Kinuyo Tanaka and other legends command the screen in "Japanese Divas"
My current favorite diva of the bunch: the bravely smiling, long-suffering Hideko Takamine, epicenter of Mikio Naruse's wonderful drama, When a Woman Ascends the Stairs (1960). Also the star of Keisuke Kinoshita's Technicolor Carmen Comes Home (1951) and his well-loved Twenty-Four Eyes (1954), Takamine's put-upon, stubbornly independent hostess Mama is beautifully filled out with almost imperceptible shading — from the slightly arch, whiny tone she assumes when drunk and forced to consort with a heartless customer to the guarded polonaise of politeness she undergoes while sitting down with a rival hostess. Here, as Naruse matter-of-factly breaks down the economics of the biz, Takamine is less Douglas Sirk's Jane Wyman than Rainer Werner Fassbinder's Hanna Schygulla, colored in less lurid hues: a post-World War II heartbreaker all too familiar with the disaster attendant with hitching one's hopes and fortunes to men.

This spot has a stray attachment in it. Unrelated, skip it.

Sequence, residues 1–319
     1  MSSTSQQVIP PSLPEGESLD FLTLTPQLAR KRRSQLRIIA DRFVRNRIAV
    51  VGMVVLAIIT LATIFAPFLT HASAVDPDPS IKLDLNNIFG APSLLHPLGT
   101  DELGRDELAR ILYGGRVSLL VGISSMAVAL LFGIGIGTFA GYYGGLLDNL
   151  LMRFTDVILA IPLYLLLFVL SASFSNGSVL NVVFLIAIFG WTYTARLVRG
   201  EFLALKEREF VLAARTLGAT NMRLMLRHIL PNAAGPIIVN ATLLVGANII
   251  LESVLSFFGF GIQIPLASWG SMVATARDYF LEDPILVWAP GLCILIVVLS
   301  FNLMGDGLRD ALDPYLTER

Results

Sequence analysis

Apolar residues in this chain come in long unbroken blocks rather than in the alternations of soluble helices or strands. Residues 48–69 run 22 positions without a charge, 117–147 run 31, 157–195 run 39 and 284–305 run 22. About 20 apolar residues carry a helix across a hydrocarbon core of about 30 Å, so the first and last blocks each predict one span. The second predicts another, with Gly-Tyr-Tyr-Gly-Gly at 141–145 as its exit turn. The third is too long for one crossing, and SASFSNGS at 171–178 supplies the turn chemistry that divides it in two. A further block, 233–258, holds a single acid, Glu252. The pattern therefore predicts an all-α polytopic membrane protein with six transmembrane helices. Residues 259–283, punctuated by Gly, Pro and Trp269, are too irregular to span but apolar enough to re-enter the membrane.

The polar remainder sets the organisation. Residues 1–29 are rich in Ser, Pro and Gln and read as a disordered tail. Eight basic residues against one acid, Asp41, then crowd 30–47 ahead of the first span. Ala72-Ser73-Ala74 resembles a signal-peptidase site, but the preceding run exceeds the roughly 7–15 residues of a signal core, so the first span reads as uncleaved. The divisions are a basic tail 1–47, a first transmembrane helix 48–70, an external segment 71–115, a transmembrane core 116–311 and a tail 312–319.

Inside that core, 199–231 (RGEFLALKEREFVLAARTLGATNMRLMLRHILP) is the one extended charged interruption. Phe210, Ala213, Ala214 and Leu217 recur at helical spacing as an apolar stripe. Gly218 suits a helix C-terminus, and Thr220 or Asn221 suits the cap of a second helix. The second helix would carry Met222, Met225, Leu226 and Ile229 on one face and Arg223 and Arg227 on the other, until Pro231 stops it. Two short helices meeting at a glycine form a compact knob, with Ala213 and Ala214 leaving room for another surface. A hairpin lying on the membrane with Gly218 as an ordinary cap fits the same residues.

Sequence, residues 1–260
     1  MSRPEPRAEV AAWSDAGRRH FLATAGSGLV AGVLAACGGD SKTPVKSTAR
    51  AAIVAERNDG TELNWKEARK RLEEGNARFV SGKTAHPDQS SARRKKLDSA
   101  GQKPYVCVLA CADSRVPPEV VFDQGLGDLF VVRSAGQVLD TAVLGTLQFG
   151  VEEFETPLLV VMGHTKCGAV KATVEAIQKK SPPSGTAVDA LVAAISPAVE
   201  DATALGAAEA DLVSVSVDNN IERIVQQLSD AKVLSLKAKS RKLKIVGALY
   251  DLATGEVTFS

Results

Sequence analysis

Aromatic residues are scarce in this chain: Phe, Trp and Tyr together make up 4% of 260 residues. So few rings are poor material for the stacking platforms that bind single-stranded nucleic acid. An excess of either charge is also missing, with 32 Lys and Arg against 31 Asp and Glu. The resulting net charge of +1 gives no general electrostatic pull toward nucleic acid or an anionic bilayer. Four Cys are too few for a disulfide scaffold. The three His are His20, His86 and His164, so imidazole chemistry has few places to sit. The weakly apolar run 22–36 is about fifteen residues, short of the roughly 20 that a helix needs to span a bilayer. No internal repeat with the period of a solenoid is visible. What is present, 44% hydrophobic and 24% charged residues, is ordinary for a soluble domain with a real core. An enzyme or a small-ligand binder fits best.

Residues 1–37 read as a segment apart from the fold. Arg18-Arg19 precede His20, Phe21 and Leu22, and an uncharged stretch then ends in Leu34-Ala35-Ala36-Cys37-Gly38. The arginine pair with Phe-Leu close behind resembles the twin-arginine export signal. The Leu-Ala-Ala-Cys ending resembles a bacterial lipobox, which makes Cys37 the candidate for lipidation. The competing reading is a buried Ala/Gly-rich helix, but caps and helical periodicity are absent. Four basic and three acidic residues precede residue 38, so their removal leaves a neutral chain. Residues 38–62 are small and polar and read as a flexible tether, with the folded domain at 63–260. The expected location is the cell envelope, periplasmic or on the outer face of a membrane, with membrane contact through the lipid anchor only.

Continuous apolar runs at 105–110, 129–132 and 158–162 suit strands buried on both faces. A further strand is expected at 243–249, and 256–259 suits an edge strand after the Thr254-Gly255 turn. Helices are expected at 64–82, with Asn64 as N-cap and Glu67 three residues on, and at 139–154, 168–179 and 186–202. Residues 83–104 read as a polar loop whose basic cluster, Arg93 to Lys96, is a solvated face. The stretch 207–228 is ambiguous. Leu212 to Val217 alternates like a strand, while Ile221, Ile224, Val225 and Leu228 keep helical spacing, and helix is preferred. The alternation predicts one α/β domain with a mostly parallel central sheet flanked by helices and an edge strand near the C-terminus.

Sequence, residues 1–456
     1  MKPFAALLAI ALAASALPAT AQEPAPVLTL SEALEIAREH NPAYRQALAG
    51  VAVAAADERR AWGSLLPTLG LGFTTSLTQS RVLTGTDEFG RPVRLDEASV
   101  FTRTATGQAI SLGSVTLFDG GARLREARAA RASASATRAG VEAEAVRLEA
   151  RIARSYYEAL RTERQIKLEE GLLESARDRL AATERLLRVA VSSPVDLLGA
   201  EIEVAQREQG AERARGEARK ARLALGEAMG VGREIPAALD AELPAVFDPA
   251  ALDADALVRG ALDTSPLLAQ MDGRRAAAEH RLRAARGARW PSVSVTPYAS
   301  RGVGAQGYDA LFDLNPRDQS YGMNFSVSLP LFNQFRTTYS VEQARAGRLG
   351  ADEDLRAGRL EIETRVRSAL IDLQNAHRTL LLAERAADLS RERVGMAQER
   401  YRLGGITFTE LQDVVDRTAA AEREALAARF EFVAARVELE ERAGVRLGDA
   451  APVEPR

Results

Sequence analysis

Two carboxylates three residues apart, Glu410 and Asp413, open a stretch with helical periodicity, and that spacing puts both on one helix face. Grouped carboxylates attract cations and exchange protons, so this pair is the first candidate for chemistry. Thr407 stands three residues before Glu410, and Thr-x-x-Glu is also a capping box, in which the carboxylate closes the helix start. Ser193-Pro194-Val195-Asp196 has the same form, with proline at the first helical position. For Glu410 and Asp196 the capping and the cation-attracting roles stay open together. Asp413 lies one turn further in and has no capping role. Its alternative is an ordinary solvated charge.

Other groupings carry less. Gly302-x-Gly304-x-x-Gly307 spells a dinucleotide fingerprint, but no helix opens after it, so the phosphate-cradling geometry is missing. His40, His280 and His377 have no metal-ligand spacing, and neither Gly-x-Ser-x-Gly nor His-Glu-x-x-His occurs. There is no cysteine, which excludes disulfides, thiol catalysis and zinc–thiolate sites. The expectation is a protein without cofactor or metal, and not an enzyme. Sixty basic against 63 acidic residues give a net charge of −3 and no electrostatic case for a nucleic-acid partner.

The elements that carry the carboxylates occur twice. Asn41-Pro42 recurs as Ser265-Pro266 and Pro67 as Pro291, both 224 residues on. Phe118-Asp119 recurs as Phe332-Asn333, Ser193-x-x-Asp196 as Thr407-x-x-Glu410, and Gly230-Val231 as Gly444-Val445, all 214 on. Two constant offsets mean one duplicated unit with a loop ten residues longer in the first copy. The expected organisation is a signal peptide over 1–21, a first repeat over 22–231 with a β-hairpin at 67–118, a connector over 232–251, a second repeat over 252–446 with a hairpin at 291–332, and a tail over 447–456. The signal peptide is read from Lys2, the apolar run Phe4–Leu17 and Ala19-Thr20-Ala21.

June 17–Aug. 20, $5.50–$9.50
Pacific Film Archive
2575 Bancroft, SF
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